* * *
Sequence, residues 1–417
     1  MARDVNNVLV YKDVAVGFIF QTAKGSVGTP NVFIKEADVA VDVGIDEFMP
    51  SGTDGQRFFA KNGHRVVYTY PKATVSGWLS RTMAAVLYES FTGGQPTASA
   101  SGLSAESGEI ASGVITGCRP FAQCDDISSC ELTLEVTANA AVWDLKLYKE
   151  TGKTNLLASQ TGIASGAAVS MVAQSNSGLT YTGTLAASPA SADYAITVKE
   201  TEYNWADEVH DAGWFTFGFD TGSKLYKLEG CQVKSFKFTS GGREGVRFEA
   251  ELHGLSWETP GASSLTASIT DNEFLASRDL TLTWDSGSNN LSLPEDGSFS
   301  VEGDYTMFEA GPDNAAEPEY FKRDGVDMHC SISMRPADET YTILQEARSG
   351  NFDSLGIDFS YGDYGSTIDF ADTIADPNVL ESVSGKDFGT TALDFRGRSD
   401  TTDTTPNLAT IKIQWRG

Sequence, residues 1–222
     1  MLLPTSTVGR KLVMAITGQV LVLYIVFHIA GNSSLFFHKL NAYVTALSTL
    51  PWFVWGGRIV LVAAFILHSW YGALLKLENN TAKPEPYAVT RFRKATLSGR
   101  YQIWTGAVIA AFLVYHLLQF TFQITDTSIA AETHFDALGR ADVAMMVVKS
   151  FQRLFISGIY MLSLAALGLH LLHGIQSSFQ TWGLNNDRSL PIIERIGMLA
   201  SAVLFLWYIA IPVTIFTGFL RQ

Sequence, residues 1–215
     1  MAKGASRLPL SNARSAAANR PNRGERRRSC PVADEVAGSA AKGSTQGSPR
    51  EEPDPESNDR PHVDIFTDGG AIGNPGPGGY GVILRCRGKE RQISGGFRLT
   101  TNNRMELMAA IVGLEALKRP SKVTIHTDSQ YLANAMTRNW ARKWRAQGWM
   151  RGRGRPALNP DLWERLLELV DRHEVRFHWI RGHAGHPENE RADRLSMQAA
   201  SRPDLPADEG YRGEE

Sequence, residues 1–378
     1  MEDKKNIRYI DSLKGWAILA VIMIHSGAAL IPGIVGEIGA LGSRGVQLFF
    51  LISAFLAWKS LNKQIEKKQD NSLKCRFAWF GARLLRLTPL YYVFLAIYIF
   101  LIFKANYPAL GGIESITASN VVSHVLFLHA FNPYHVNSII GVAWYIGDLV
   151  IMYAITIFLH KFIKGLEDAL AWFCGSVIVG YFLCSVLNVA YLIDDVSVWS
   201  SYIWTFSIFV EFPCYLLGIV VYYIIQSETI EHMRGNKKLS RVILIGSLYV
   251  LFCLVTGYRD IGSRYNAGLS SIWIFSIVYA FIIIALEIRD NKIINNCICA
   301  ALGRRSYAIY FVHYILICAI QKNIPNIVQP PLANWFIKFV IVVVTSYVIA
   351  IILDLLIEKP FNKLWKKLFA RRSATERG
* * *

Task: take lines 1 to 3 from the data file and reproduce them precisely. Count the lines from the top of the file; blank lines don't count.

Sequence, residues 1–417
     1  MARDVNNVLV YKDVAVGFIF QTAKGSVGTP NVFIKEADVA VDVGIDEFMP
    51  SGTDGQRFFA KNGHRVVYTY PKATVSGWLS RTMAAVLYES FTGGQPTASA